This evening I learned through my TDDFHS membership emails that the Western Star and Roma Advertiser newspaper (published in Toowoomba, Queensland) is in the throes of being digitised by Trove. With three branches of my Kunkel family living in that area at the time (Paterson, Kunkel, Lee), I immediately hotfooted it to the computer to check it out.
Today’s post tells the back story to the death of Joseph Francis Kunkel, the second son and second child of George Kunkel and his wife Mary, nee O’Brien. Contrary to the newspaper report, only George was German-born while Mary was Irish. He was indeed born in Ipswich though by this time his parents had been residing in Murphys Creek for some time. A cautionary warning to check multiple sources!
The previous information I had from the death certificate was that Joseph had died of “acute parenchymatous hepatitis[i], pyaemia and syncope” and had been ill for 10 days. This certainly appears to contradict the news report which says he died of inflammation of the lungs having caught a cold while on duty. The paper calls him a “fine strong man” whose death is attributable to the adverse condition under which the railway gangers worked. Joseph was only 37 when he died leaving his wife and six children to fend for themselves. It’s quite likely that penicillin would have saved his life, if it had been available at this time.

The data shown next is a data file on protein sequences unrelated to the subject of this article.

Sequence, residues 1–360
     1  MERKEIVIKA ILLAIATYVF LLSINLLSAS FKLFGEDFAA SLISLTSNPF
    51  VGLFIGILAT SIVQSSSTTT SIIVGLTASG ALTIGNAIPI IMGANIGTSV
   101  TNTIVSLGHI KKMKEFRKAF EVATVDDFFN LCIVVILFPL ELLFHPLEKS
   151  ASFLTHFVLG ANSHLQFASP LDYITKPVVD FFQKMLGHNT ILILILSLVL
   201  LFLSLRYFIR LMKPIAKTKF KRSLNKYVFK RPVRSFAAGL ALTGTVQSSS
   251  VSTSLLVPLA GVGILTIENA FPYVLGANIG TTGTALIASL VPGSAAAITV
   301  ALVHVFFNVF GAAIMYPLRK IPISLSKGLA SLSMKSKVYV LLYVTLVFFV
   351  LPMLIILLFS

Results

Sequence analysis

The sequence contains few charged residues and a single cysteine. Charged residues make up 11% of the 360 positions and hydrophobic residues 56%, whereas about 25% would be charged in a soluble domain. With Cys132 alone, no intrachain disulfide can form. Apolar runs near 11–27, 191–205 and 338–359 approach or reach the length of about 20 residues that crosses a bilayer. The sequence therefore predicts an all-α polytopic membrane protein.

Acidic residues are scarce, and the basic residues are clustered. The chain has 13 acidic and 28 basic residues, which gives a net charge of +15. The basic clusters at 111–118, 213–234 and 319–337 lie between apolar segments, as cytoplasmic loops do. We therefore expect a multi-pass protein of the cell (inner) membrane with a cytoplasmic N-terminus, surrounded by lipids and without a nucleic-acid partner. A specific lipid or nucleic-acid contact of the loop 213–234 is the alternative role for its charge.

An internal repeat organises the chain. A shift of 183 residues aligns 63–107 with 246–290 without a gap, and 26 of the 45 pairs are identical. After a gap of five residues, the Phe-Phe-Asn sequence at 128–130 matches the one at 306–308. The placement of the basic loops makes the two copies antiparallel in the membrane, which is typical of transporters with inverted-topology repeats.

While Joseph was the first of George and Mary’s children to die, only a few years later his older brother would also die of a heart attack due to “valvular and fatty degeneration of the heart”.
Joseph had been very active in the establishment of a school in the small settlement of Poybah (aka Pickenjennie) and had served as the committee secretary. It’s nice to know that despite his early death, he made his mark on the education of the local children.[ii]
Through my offline research I also know that Joseph’s estate included 149 acres of land with a three bedroom weatherboard house and a three-wire fence, valued at £102. He had only £1 cash, five horses valued at £6, and 10 steers and heifers £2/10/-, a dray and harness £8 and household furniture valued at £5. By the time all the debts were cleared his estate had lost more than half its value.
With each release of newspapers digitised through Trove, more snippets at grassroots level, come to light. Even though I assiduously pursued as many research opportunities as I could only 10 years ago when I wrote this family’s story, every day brings new micro-stories that make that history so much richer. I knew that Joseph had died in Roma and been buried there, but this story would have been a fine complement to the other information I had on him.
I’m looking forward to seeing even more of the stories that are close to being finalised for the Western Star, some that I already know about from other sources, and some new ones.